Leafs’ fielder putting baseball on hold

Brian Baker/Town Crier OFF THE CLOCK: Junior Leaside Leafs' starter Owen Laing looks to take a break from baseball for a year to pursue a career as a carpenter. You can't keep him away from the diamond though, he says.
Brian Baker/Town Crier
OFF THE CLOCK: Junior Leaside Leafs’ starter Owen Laing looks to take a break from baseball for a year to pursue a career as a carpenter. You can’t keep him away from the diamond though, he says.

But Laing says he’ll be back after carpentry break

Leaside’s Owen Laing is looking to trade in his baseball bat for some new lumber.

The 21-year-old starting centre fielder for Leaside Leafs is taking a reprieve from the Toronto Baseball Association to pursue a career in carpentry.

However, he assured in a late-summer interview it’s not the final nail in his sporting career’s coffin.

Having just received the President’s Honour Award from Durham College for his good standing in carpentry, he says it is his love of sports and tactile tendencies that is leading him down that particular path.

“Carpentry seemed to be the logical choice,” he said.

Baseball is on hold for now.

“At the moment I’ve decided not to play next year and pursue the carpentry career, but there is no age limit in senior baseball, so I think I will be back next year or the following year,” he said.

Even a year-long hiatus would be a loss, though, says Leafs manager Cam MacLellan, who points out that the 5-foot-11 Laing provided a steady hand at the plate and uncanny range in the outfield during the 2013 season.

“He really pays attention to the pitches and he gets more walks than anybody else on the team,” MacLellan said, of the team’s star player. “He’s a very patient hitter.”

MacLellan considers Laing “the best centre fielder in the junior loop.”

“He has phenomenal range, and can really track a ball,” he said.

During the Ontario Baseball Association’s Aug. 2-5 junior elimination tournament in Burlington, Laing showed off his hand-eye coordination when Leaside was losing to the host team.

“We needed a pick-me-up because Burlington got a big lead and there were two guys on base and Owen stepped up to the plate,” MacLellan recounts. “A 1-and-1 pitch and the next thing you know the ball is over the fence.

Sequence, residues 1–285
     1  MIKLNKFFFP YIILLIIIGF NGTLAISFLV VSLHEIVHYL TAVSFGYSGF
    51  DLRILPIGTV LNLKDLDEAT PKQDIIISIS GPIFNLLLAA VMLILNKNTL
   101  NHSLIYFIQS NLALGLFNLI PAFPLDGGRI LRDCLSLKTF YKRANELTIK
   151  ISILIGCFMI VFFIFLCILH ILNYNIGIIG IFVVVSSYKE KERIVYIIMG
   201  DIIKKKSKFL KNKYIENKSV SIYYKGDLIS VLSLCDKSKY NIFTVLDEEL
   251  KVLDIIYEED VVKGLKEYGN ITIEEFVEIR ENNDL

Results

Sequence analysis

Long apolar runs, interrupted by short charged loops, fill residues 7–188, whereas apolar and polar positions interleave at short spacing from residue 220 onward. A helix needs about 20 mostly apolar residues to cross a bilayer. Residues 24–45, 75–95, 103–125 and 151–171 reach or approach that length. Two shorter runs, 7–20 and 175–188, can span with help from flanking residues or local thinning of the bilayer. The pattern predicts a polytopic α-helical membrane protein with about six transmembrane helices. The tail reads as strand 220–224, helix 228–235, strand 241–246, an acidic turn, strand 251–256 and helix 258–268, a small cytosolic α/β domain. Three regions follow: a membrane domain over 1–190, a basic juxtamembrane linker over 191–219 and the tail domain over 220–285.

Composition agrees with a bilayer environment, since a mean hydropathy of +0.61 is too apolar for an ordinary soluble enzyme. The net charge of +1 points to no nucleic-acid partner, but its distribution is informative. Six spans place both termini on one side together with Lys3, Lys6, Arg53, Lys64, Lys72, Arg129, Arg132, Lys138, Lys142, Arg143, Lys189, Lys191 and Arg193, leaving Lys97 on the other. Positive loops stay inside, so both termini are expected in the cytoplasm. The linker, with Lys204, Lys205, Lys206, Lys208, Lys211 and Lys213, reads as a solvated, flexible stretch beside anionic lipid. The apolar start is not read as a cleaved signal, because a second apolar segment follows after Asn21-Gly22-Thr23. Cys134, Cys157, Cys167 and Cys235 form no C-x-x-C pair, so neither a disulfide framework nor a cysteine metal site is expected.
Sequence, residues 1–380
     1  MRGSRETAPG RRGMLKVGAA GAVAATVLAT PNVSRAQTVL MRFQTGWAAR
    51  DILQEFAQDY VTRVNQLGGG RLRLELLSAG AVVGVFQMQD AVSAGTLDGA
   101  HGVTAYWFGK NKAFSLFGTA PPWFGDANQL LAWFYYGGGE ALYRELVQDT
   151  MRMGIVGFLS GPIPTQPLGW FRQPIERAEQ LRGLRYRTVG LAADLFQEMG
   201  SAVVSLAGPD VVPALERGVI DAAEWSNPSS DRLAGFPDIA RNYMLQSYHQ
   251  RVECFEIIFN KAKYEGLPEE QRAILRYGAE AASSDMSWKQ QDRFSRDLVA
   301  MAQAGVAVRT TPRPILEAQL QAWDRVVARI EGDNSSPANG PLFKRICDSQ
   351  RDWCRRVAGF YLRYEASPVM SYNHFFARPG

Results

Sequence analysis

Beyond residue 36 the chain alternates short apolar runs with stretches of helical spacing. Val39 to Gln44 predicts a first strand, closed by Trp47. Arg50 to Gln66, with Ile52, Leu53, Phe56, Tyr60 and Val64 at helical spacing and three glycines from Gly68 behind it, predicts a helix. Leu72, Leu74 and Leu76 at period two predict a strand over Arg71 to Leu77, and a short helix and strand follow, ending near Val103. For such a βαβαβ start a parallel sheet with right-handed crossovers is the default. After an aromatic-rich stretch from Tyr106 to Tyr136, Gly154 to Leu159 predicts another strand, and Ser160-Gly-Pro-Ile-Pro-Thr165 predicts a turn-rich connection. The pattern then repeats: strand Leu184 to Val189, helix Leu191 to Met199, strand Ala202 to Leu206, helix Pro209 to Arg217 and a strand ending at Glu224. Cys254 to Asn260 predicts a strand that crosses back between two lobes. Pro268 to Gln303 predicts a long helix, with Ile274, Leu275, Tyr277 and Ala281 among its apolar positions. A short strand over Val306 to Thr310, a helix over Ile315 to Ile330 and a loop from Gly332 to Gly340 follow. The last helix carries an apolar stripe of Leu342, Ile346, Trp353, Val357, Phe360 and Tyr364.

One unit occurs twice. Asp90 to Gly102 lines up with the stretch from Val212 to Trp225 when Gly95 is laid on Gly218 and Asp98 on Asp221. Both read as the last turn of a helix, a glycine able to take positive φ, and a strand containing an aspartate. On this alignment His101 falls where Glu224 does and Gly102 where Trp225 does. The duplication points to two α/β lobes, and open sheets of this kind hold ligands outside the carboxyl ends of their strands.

“The guy from Burlington came up to me and said, ‘That’s 460 to centre field and he cleared the fence by at least another 10 or 15 feet’.”

To Laing it was no big deal. He just shrugged it off when asked about it later, as he did with other questions about his talent.

“The only difficulty you’ll have with Owen is he’s really quiet,” MacLellan said. “I’m in sales, so I’m paid to talk, and I keep on engaging Owen in conversation, hoping I can get him to open up a bit.

“He excels in so many other areas, that’s fine. If he’s quiet, I don’t have a problem with that. That’s one less player I have to worry about.”

Even though Leaside lost the game 13-3, Laing’s surprise home run lifted his teammates’ spirits.

“Owen is a clutch player,” MacLellan said. “He’s the one you want at the plate when you need the hit.

“He’s also the guy you want in centre field when the bases are loaded and there are two out. That’s happened a few times this year, with the bases loaded and we needed to contain runners, and the next thing I have is Owen in centre field and a fly ball going to centre — and it’s a given.”

It’s a talent Laing has honed through the years, starting with T-ball in Bennington Heights. He played house league at Trace Manes Park and eventually made his way into the rep programs of North York Blues and Toronto Mets.

He won a Canadian Intercollegiate Baseball Association national championship with Durham College in 2011, just before joining the Leaside Leafs this year.

“The first year, under coach Sam Dempster, we went all the way … and that year, as a team, it just felt like we were unstoppable,” he said. “There were times when we stepped out onto the diamond and things would just go our way.”

What will Laing miss the most while he apprentices as a carpenter? His teammates, of course.

“What drew me to baseball was the camaraderie with my teammates,” he said. “Baseball is a slow game at times and just the talking with them between innings and during at-bats makes the game fun.”

In the meantime, Laing is waiting to see how much free time he’ll have to devote to athletics while apprenticing. His teammates tell him he has the talent to try out for the Intercounty Baseball League’s Toronto Maple Leafs, but he’s not interested in pursuing it at that level.

“I’ve had other teammates ask me that and tell me I’d be good enough to make an Intercounty team, but I’m not really interested in playing at that level,” Laing said.

Knock on wood, he’ll be back, somewhere.

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